We've reached the year's end and stand, tired and a little apprehensive, at the cusp of the new one ahead.
I decided to share the wonderful "Dinner for One" with you again this year. Every Silvestre, or New Year's Eve, Germans watch this delicious old British skit, televised for the first time in 1963 in Hamburg, and laugh uproariously as it unfolds. They've seen it countless times, but that hardly matters. It just tickles them. Interestingly, it's hardly known in Great Britain, where it originated, and now only comes to America via the Internet.
When I lived in Northern Germany, we spent each New Year's Eve with our friends Colin and Marian, walking the four or five blocks from our flat to theirs. He was British; she German, and there was just no way that the New Year could be born in their company without many, many glasses of Champagne. At least two glasses would be toasted and quaffed before 8 p.m., but as the clock chimed the hour Marian would turn the TV on, Colin would fill each of our flute glasses, again, and we'd watch "Dinner for One" with 90-year-old Miss Sophie, her loyal (and amazingly dedicated) butler James, and her four dear old gentleman friends, all of whom had long since passed on to the Great Beyond.
And we'd laugh. Each time Miss Sophie proposed a toast, we'd raise our glasses to her in tandem with James, and by the time the short skit ended, we'd be gasping with laughter and like the butler, more than a little tipsy.
For Colin and Marian, watching the skit every New Year's Eve was an old tradition. For us, it was new but a tradition we quickly came to love. We looked forward to joining Miss Sophie and James each year, just as we looked forward to celebrating the change with our friends and braving the sub-zero temperatures to bang pots and pans on the balcony at midnight. We added our noise and shouts to the ships blowing their foghorns in the harbor, the cars and trucks laying on horns and all the other people just like us throughout the city, ringing in the New Year with laughter, hope and joy.
We saw the turn of six New Years before we left Germany. During that time, the Berlin Wall fell and East and West Germany reunited. The Cold War ended. Much has changed in the 20 years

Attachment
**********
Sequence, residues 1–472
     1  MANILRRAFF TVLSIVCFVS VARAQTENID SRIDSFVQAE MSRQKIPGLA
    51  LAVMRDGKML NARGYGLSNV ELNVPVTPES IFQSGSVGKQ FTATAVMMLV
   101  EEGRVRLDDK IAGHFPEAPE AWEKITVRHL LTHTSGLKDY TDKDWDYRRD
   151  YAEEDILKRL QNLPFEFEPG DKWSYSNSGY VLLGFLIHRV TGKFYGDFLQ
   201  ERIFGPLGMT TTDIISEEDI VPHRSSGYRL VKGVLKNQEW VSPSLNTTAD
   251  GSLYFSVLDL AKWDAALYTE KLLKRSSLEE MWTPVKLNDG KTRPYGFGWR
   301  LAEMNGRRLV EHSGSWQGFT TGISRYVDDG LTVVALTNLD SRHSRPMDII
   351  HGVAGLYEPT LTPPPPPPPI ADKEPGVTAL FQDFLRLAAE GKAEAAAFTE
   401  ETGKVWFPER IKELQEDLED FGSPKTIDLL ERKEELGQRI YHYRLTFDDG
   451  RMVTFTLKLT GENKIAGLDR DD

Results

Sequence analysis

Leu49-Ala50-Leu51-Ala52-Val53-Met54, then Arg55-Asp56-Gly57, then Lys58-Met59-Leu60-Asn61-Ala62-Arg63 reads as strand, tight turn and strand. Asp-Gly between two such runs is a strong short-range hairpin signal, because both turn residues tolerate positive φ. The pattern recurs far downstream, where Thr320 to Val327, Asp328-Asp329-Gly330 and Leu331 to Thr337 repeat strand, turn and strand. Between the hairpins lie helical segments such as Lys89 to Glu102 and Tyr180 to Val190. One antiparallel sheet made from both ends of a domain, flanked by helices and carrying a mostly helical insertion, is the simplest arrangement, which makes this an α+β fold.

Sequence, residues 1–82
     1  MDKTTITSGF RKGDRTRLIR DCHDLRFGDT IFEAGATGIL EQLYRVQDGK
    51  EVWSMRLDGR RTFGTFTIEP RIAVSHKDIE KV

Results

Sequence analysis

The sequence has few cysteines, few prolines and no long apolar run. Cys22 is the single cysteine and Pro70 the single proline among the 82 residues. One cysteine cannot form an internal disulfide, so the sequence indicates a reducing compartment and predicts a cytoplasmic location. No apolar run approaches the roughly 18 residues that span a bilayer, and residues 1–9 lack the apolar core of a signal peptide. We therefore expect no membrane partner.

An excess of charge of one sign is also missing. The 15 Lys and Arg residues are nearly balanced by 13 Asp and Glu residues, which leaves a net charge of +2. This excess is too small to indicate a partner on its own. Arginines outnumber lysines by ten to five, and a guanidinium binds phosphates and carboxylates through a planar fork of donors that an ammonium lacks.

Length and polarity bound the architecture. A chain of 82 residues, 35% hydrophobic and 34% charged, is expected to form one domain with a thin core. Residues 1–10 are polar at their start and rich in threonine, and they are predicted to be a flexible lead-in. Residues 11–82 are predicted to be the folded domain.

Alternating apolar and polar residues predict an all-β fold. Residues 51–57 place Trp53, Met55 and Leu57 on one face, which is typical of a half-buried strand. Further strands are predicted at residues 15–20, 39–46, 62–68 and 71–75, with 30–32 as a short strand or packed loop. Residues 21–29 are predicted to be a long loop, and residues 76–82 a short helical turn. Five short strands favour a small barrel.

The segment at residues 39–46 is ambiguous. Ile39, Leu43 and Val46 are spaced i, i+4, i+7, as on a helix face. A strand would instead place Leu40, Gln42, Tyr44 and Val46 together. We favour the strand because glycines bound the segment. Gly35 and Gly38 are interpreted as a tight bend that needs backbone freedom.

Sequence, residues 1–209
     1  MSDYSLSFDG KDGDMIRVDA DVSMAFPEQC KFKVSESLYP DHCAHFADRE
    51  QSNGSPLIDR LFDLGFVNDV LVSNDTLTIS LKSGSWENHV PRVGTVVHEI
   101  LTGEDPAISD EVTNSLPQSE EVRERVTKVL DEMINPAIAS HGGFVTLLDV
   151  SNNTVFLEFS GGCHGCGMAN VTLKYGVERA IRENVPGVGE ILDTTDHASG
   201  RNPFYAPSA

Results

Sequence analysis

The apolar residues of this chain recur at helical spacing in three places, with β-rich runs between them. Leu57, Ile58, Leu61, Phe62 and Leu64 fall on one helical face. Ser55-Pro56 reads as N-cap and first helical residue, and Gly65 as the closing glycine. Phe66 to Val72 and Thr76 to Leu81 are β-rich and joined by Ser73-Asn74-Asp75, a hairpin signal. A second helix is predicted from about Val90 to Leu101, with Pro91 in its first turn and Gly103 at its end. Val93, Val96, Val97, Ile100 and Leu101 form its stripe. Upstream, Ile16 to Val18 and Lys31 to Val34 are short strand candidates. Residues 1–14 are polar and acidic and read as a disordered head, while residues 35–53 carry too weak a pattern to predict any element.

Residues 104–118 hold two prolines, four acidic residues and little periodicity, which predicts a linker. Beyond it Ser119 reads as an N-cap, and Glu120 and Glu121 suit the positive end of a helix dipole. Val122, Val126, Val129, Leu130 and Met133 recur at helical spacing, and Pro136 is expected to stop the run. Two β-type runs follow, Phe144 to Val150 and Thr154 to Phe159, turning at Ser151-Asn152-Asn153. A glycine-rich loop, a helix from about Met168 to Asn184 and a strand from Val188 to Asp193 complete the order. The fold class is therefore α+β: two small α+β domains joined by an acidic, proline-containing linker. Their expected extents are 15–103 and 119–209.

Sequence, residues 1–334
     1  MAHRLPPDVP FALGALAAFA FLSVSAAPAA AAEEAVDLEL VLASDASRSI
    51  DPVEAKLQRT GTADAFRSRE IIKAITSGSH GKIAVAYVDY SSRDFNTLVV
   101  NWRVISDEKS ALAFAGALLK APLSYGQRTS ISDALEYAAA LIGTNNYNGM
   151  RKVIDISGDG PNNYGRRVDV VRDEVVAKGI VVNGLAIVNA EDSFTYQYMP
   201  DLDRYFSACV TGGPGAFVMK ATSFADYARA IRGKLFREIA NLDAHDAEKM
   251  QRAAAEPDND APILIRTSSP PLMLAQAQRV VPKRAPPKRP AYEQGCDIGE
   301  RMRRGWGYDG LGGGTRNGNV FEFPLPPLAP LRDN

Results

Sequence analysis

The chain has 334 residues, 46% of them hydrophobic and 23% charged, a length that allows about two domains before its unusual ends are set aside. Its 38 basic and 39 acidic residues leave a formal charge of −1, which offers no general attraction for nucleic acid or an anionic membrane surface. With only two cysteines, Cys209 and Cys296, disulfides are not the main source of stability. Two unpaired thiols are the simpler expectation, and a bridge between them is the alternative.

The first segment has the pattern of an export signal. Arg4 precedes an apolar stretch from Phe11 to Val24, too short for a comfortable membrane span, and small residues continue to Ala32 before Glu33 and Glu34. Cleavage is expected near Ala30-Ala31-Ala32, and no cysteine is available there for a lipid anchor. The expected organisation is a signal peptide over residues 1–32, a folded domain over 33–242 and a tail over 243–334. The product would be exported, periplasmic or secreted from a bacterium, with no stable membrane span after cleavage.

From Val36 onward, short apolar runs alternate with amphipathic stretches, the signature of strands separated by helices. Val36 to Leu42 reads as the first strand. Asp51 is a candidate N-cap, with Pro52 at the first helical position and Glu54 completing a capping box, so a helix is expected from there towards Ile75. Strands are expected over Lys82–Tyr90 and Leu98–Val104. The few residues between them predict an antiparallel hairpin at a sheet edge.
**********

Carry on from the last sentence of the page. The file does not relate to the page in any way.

since the first time I saw James trip over that tiger rug, yet even without the benefit of a glass of bubbly, it still makes me giggle and before long, laugh out loud.
"Same procedure as last year, Miss Sophie?" Well, of course. Happy New Year, everyone.
31 December 2008
We've reached the year's end and stand, tired and a little apprehensive, at the cusp of the new one ahead.
30 December 2008
The year slips quickly away. Tomorrow is New Year's Eve, and then it's 2009, an auspicious year for many reasons.
It's the year Barack Obama takes over as President of the United States and George W. Bush slinks out the back door with a shit-eating grin, having failed at yet another endeavor. It's the year America starts cleaning up George's mess, but it's going to take a long time. A whole string of years.
And 2009 is a year of unknowns. Yes, all new years are like that. We don't know what the future holds. But we know that the world's economy is in recession, that the world's oil supplies are running out, and that global warming is causing dangerous climate change. 2009 ushers in, I believe, a lot of drastic, shocking change. We'll have to learn to be patient with each other.
Perhaps we'll learn how to get to know our neighbors, and be better friends, and reach out to help others less fortunate than ourselves. Because we'll all be facing the same problems, and we're going to need each other for help and comfort.
As far as I'm concerned, 2009 can't come fast enough.
24 December 2008
23 December 2008
16 December 2008
The snow has stopped for now. It’s cloudy, but there’s some blue sky and a little sun. The forecast calls for a little more snow today. Tomorrow should be sunny, and then snow again on Thursday.
As I shot the photos above out my kitchen window, the scene – snow, branches, evergreens, blue sky and thin white clouds – brought up some memories. So I made myself a cup of coffee, cleared the hot ash from the dying woodstove fire and started a new one. As I watched the hungry flames lick around the dry wood, I let my mind wander ...
It was January, 1988. I was working as a civilian writer/editor with the U.S. Army Norddeutschland Public Affairs Office in Bremerhaven, Germany. Winter in the north of Germany is a long, drawn-out season, filled with frigid wind, rain, occasional light snow and ice. Lots of ice. By this time, after living there for two years, I’d learned the hard way how to dress for the weather, and every morning was a ritual of donning a hat, gloves, a thick wool coat, a knit scarf and warm, sheepskin-lined boots over several layers of clothing that included ski socks and at least one sweater. I carried my dress shoes in a tote to change into once I’d reached the relative warmth of my office.